You know spring is shoving winter off the weather pedestal when you stuff your super-undies — a “Greg-ism” for base layers rated at -20 degree temperatures — back in the drawer in favor of a lighter version. Warmer temperatures in the Yellowstone area are rendering them obsolete for the season.
Spring is unfolding like a pop-up storybook. Snow mounds melt into volunteer puddles and lakes. Rivers swell and tumble with fresh energy. Soggy, muddy meadows morph into lush green pastures. Nature’s wildlife nursery abounds with cubs, pups, calves, goslings and owlets. And the most perplexing wildlife of all, visitors, descend upon the park.
“Hey, could you close your car door so we can drive past”? we called out to a driver who abandoned his car in the road to photograph a black bear. It was a typical bear jam – cars teetering on steep road edges; people traipsing through stopped traffic in both directions; camera-faced humanoids hanging precariously out of car windows and sunroofs; and rangers working earnestly to bring safety and order to the melee.
Mostly though, fellow wildlife enthusiasts are a fun, friendly bunch.
“You see the bear”?
“No, where is it”?
“See those two crossed logs on the mountainside? It’s the brown dot to the left”.
“I don’t see it”!
“OK, see the second line of trees? And the one with the round puff at the top? Now, look to the right”.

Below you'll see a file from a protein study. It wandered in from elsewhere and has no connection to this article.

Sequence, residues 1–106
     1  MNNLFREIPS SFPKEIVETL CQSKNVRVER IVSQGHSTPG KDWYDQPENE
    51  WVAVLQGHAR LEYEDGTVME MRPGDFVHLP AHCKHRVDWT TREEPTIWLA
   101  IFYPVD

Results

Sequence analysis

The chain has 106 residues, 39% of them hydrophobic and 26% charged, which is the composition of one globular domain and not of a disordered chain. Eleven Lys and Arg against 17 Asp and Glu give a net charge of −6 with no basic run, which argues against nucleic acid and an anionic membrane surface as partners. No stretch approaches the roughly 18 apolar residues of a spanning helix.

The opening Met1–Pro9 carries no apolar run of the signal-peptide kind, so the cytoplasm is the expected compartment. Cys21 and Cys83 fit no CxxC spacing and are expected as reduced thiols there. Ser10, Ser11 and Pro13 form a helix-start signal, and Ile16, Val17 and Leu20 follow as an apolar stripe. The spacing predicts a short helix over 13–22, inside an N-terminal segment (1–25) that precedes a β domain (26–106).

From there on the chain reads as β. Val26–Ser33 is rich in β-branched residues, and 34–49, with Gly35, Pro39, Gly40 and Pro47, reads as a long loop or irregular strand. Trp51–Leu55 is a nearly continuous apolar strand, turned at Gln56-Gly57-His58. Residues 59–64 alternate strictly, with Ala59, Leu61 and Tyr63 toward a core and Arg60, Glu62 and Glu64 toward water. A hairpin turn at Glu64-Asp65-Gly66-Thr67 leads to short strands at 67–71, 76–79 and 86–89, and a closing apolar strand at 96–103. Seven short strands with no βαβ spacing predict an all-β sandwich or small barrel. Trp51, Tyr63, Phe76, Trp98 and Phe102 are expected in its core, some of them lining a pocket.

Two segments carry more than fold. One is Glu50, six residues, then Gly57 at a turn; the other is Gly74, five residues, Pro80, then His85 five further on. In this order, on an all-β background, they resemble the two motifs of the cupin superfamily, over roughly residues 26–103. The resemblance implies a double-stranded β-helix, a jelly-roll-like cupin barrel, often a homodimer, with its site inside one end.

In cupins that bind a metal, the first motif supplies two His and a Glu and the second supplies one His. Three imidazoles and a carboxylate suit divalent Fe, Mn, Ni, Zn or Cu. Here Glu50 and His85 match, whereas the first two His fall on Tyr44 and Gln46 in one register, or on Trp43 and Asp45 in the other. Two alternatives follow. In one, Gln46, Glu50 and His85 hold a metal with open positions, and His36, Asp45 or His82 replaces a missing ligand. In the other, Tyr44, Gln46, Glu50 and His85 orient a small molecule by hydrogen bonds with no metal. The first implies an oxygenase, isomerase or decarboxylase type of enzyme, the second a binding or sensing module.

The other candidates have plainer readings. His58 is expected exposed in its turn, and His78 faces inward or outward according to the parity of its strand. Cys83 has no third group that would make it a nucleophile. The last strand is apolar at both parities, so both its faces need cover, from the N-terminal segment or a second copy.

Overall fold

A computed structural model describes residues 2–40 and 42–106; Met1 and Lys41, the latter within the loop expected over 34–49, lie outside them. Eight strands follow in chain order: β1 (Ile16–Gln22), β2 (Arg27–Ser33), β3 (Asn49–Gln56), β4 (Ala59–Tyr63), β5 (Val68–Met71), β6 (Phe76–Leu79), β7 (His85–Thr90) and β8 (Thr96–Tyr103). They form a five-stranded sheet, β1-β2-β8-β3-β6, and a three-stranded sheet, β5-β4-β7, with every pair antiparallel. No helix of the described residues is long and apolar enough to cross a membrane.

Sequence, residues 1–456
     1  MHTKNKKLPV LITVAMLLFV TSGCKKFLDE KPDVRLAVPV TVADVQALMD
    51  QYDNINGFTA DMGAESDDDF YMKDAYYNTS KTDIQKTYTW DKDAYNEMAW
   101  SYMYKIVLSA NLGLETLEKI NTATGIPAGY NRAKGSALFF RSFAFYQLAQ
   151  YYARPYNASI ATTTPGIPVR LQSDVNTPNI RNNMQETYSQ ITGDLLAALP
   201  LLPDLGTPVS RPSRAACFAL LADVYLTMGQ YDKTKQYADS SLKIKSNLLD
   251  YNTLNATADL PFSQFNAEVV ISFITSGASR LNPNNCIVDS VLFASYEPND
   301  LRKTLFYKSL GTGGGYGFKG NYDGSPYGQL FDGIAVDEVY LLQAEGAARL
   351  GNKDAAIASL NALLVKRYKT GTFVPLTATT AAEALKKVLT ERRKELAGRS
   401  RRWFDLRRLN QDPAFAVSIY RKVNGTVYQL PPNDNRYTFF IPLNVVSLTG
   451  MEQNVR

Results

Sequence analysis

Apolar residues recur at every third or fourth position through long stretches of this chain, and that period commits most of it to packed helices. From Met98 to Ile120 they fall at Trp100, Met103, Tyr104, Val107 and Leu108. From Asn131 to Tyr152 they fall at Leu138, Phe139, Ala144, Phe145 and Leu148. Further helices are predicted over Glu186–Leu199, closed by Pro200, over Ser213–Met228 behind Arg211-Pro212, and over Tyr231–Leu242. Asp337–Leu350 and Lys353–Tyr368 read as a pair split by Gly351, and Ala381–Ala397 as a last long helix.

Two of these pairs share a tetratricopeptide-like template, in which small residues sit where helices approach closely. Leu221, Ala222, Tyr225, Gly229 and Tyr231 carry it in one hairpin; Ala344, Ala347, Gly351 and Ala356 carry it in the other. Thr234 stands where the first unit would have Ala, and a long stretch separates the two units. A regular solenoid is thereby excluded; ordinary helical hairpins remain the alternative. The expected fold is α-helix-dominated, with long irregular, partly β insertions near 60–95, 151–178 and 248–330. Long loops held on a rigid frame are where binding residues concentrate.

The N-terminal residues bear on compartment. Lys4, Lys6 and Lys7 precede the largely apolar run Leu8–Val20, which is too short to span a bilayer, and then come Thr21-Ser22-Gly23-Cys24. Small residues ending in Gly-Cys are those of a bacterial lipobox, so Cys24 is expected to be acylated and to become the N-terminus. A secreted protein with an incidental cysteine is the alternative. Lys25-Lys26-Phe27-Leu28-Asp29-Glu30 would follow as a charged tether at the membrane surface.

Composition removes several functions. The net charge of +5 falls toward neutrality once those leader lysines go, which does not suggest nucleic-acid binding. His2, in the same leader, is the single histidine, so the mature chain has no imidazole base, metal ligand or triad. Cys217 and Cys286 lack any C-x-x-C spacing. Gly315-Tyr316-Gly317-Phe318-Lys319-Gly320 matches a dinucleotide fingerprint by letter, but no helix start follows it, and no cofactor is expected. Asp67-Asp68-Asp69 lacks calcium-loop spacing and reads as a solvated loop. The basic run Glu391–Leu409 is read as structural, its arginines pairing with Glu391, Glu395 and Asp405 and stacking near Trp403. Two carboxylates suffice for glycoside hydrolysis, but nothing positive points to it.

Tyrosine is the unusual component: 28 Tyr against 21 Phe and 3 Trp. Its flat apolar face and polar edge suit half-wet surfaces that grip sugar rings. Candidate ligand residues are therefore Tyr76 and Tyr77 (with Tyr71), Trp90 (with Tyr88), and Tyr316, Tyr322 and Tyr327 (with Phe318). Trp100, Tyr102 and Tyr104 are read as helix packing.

“I don’t see it!”
And so the conversation continues until you pretend you spotted the critter just to bring a smile to your new-found comrade’s face. But, the best kind of visitors are our family and friends. To Greg’s and my delight, my sister, Donna, and brother-in-law, Clay, visited us earlier this month for several, fun-filled days of adventure in Yellowstone and Grand Teton National Parks.
I’m certain they packed some California sunshine in their hiking packs and called ahead to schedule wildlife sightings.
“There’s a huge black bear on the trail, just a quarter-mile up”! A group of hikers warned at the Slough Creek trailhead in Yellowstone after aborting their hike. Not to be deterred, Greg armed Clay and I with bear spray and Donna diligently scanned the area. We didn’t see the gigantic bear and we didn’t hear the growl that a passing hiker experienced but we enjoyed many wildlife sightings where they should be — away from the trail! Here are a few select photos.